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Re: Epoxy: application problem

I sanded the entire inside of the hull with 120 grit sandpaper to even out a previous coat that was uneven. That coat was applied a week or more prior. After sanding, I scrubbed with a grey scotchbrite pad and water, no soap. I vacuumed the dust, wiped with a damp paper towel then a dry paper towel to remove remaining dust. I mixed small batches (no more then 5 pumps each) and mixed thoroughly in a cup. I poured the epoxy into a roller pan and rolled it on with a foam roller working in about 2' sections, tipping off with a foam brush. Once I had the entire surface coated I looked it all over to be sure everything was covered. I was working in an open garage on an 80F+ day.

If you were wetting out the glass at 80˚+ you should have used a slow hardener. You don't mention this, did you yes or no? Even with small batches (you said 5 pumps of each which would be a huge batch!) and medium hardener I would expect the resin to set-up very fast at 80˚+.

From your description it sounds like you are following some of my suggestions on fiberglassing.

I only do a seal coat before glass wet-out on the exterior surfaces to ensure a transparent lay-up.

On interior surfaces I do a one step, bare wood and glass wet-out. These surfaces will not be seen so transparency is not an issue.

If you applied a seal coat a week prior to sanding you could have amine blush issues. Epoxy surfaces should be washed prior to sanding so contaminates aren't spread by sanding.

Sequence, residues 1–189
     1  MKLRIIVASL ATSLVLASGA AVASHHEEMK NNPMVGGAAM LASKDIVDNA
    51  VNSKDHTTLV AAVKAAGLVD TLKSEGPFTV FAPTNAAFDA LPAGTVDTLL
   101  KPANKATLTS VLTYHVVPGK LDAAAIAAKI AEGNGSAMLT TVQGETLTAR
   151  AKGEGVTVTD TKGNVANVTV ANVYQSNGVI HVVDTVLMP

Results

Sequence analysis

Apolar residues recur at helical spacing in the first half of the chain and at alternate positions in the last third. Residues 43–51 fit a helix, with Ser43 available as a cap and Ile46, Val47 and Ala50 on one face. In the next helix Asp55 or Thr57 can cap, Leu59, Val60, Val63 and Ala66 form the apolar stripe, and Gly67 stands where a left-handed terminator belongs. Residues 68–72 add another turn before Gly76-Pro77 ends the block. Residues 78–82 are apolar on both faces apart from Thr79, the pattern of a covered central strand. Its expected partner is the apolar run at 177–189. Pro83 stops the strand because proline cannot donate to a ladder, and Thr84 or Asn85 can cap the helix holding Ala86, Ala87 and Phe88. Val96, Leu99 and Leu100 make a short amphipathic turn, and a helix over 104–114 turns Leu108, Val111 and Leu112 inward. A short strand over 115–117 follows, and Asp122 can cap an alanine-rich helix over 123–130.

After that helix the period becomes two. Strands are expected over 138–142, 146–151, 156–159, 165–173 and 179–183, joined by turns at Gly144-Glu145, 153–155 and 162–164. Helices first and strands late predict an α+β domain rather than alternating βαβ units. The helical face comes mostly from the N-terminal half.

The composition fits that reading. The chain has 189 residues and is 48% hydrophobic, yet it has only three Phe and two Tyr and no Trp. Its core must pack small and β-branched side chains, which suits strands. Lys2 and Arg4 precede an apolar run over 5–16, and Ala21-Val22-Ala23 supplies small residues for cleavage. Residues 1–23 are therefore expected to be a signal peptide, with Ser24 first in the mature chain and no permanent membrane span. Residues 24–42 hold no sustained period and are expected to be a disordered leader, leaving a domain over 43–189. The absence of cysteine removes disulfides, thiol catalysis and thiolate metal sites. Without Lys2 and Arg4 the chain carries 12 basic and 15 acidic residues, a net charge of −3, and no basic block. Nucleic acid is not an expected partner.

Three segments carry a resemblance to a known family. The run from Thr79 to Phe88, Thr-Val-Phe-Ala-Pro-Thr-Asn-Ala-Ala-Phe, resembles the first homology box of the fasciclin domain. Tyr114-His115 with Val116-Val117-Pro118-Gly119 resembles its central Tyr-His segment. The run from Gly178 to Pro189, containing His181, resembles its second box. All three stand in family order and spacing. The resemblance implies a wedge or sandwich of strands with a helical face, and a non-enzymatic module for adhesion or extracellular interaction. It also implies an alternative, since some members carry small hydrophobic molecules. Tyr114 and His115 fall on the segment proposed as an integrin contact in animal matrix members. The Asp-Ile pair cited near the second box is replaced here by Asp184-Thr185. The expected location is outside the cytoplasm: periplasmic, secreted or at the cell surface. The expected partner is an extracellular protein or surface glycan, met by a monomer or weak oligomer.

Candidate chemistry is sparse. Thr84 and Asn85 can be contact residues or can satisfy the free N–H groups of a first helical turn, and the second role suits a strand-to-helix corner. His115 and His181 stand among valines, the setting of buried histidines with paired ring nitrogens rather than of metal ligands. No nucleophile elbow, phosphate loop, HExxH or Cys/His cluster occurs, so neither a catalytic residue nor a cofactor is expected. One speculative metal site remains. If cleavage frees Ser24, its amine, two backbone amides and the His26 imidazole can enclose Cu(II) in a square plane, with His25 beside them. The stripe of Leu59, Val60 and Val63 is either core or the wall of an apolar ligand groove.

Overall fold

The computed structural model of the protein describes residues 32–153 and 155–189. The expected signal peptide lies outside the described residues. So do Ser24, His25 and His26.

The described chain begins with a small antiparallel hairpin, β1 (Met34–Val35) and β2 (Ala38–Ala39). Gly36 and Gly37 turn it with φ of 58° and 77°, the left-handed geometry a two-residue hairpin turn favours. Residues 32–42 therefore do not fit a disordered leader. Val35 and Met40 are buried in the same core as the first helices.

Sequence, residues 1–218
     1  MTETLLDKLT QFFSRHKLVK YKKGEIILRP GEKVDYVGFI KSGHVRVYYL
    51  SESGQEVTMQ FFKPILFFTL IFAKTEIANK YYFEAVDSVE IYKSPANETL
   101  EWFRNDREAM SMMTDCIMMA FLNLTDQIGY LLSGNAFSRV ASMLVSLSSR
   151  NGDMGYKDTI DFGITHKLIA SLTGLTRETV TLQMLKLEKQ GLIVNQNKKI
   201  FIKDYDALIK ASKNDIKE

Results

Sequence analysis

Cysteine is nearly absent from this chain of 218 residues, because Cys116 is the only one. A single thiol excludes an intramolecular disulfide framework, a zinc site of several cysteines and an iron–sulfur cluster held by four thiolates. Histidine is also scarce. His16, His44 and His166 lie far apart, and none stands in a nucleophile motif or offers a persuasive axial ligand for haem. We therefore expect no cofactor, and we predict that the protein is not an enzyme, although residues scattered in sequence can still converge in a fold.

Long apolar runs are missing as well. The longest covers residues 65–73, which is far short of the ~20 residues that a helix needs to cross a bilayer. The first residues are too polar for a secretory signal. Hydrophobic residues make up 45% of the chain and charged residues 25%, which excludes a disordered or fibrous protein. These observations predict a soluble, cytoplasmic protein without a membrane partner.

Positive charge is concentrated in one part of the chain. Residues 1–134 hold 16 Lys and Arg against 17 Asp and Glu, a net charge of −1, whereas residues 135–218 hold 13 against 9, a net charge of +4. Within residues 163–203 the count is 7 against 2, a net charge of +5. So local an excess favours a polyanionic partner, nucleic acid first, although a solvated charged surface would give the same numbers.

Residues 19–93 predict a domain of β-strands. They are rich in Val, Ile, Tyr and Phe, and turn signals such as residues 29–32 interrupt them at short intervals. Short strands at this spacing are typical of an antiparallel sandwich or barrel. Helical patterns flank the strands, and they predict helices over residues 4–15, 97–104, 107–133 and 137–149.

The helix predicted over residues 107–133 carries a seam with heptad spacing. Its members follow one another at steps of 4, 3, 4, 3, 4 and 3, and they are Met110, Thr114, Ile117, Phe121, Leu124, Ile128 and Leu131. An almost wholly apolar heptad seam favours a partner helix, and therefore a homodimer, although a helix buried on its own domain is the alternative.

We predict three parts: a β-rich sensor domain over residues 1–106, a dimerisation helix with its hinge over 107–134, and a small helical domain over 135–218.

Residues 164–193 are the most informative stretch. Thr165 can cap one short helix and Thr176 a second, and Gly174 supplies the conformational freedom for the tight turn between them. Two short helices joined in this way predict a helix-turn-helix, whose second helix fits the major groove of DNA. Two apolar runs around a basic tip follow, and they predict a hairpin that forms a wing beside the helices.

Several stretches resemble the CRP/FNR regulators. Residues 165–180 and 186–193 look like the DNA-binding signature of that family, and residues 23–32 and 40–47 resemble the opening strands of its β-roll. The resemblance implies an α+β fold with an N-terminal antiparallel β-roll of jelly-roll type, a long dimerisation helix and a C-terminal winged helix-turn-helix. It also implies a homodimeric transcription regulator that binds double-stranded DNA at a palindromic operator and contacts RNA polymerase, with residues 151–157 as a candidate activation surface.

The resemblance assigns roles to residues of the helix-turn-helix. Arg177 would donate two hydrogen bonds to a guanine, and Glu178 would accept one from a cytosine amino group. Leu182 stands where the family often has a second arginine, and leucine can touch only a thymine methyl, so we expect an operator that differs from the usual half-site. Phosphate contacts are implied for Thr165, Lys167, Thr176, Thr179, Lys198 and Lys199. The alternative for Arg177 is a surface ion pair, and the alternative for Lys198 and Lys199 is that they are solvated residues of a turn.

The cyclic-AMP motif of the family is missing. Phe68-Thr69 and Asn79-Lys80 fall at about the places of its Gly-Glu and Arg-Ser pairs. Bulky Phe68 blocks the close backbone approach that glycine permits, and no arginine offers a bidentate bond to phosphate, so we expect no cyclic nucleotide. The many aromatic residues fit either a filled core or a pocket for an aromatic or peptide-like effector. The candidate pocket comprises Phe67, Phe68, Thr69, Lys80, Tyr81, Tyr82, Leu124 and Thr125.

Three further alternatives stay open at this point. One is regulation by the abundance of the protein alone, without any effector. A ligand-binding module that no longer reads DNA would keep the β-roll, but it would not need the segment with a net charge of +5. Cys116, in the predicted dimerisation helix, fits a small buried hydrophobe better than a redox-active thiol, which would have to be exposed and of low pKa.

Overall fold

I agree with Nick, I can't see suggestions of contamination.

What I see is excess resin. It looks like you did not remove excess resin by going over the fiberglass with a squeegee to remove excess resin. If you did, your surface would have a uniform mat look. If you tried to remove excess resin with a squeegee but couldn't, your hardener was too fast and your batch too large

What you most likely have is fiberglass which have floated on top of the resin resulting in a irregular surface.

I didn't know about squeegeeing off excess resin when I built my first stripper canoe and I had a rippled surface.

The resin goes right through the glass which takes longer to absorb the resin and this means the glass has air in the fibers which floats the glass on top of resin, unless you squeegee off excess resin while it is still thin. The inside of the hull is just a big bowl and if you don't squeegee often (before you wet-out the entire hull interior) the resin will thicken to the point where it will not allow you to push the excess out of the weave with the squeegee.

I squeegee excess resin from my hull interiors during wet-out of the glass with every third of the hull coated. AND I use all the methods available to keep resin thin so it doesn't get trapped in the cloth.

See this video -